Language of Light
Many different spectral power distribution curves can yield the same visual effect which we call colour. It means that the colour of a light source does not tell us the nature of its spectral power distribution. In other words, two different light sources which have the same colour in x,y or colour temperature might not exhibit the same spectral power distribution. The reverse, however, is true: knowledge of spectral power distribution of light will enable us to describe the colour (refer to Fig. 126.96.36.199 for the types of spectral power distribution curve of some common CIE illuminants).
Hence, the spectroradiometric method is the most accurate and complete method of specifying colour. The spectral data can be analysed visually and/or compared to data from another light source. However, the best use of spectral data is to calculate the CIE tristimulus values by mathematically integrating the data with the CIE colour-matching function. The tristimulus values are then used to compute CIE chromaticity coordinates and luminosity, which provide complete description of the colour.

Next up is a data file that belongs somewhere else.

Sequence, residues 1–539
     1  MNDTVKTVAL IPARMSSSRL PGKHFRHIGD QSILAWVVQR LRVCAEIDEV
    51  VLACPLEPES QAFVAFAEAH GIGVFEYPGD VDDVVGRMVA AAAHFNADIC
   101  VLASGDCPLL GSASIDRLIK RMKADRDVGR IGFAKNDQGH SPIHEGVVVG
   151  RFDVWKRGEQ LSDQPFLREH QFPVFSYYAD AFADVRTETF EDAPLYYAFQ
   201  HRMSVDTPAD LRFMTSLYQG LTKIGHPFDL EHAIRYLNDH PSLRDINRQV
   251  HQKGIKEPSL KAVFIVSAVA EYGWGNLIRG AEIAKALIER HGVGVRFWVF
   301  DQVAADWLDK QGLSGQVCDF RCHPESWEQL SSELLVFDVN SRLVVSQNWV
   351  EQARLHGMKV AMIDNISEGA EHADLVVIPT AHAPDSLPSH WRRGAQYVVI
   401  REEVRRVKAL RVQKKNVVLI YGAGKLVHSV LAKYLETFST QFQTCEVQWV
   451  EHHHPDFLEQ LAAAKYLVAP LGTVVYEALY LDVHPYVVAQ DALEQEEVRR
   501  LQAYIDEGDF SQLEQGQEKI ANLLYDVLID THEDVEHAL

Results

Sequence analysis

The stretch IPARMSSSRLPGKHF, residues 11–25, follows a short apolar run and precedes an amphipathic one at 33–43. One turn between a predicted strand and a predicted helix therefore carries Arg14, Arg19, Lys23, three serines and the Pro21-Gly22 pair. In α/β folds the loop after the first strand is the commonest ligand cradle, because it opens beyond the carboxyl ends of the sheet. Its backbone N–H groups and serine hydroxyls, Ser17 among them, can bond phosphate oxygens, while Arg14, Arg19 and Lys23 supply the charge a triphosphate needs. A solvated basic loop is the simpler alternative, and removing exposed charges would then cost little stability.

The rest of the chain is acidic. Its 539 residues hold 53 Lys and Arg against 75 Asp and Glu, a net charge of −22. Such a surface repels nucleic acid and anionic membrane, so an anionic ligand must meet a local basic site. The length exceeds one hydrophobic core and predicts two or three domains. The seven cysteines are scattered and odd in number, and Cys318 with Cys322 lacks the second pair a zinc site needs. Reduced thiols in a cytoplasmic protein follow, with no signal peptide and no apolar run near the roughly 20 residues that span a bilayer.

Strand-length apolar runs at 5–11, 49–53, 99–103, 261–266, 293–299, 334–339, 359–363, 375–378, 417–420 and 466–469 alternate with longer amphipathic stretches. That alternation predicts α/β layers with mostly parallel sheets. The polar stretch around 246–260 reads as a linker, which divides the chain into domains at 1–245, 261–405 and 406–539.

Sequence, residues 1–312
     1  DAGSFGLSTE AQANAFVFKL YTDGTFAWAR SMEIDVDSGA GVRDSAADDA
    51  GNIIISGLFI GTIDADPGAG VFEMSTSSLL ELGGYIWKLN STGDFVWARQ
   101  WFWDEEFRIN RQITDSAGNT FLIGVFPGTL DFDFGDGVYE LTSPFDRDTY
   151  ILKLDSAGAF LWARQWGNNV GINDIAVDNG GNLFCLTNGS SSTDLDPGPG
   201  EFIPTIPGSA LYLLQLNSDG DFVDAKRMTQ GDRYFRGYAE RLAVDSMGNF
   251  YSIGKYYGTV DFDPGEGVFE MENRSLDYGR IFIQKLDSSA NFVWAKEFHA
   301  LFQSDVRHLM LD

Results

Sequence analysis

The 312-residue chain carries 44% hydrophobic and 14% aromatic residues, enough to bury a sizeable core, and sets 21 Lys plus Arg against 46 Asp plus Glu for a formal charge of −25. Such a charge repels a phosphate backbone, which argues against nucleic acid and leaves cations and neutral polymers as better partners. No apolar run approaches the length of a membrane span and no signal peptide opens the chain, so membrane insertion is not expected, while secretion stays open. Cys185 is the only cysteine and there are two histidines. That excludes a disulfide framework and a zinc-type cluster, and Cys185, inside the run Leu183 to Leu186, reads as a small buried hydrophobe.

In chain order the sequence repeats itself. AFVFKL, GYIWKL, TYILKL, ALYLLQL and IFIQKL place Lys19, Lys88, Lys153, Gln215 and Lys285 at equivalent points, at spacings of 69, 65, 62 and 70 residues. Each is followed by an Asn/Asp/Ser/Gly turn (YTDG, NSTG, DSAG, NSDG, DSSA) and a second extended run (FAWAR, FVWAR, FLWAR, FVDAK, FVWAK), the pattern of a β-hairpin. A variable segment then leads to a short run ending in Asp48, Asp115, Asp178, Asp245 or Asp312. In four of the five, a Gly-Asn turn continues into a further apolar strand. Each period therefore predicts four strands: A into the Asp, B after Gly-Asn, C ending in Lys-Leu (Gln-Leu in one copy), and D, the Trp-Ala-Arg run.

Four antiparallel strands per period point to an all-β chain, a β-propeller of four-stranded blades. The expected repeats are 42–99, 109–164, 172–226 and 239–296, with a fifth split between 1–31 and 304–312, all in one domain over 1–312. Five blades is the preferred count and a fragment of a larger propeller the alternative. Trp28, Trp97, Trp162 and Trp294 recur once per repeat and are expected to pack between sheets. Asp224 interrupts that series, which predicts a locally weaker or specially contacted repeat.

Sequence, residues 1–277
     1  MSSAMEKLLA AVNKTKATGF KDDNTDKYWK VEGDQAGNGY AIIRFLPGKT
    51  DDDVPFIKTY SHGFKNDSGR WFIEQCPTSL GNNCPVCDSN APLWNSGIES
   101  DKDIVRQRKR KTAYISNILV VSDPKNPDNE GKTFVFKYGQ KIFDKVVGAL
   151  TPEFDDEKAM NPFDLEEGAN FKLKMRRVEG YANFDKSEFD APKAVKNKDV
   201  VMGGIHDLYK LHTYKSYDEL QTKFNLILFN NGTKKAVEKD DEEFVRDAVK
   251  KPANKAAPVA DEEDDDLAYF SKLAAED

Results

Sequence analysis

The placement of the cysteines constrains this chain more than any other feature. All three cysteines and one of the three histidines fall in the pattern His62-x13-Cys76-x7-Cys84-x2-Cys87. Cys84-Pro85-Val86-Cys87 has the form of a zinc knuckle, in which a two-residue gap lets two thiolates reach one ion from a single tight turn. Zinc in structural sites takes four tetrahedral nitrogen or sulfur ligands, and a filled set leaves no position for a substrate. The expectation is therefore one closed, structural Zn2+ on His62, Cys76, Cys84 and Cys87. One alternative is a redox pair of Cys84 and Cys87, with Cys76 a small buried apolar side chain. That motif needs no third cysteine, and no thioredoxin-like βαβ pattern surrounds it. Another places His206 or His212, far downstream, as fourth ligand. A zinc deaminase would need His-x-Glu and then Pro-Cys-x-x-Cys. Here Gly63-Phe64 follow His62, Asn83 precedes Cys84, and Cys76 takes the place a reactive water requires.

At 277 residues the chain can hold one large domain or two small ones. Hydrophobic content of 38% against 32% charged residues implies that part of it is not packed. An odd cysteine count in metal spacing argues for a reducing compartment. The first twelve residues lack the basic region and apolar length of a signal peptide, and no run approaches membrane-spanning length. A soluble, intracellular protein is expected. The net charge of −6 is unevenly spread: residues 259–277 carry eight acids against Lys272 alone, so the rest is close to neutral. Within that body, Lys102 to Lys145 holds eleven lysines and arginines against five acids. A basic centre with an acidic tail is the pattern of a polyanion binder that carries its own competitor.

Standard Illuminant D65: Average daylight (including ultraviolet wavelength region) with a correlated colour temperature of 6504K.
Standard Illuminant C: Average daylight (not including ultraviolet wavelength region) with a correlated colour temperature of 6774K.
Standard Illuminant A: Incandescent light with a correlated colour temperature of 2856K.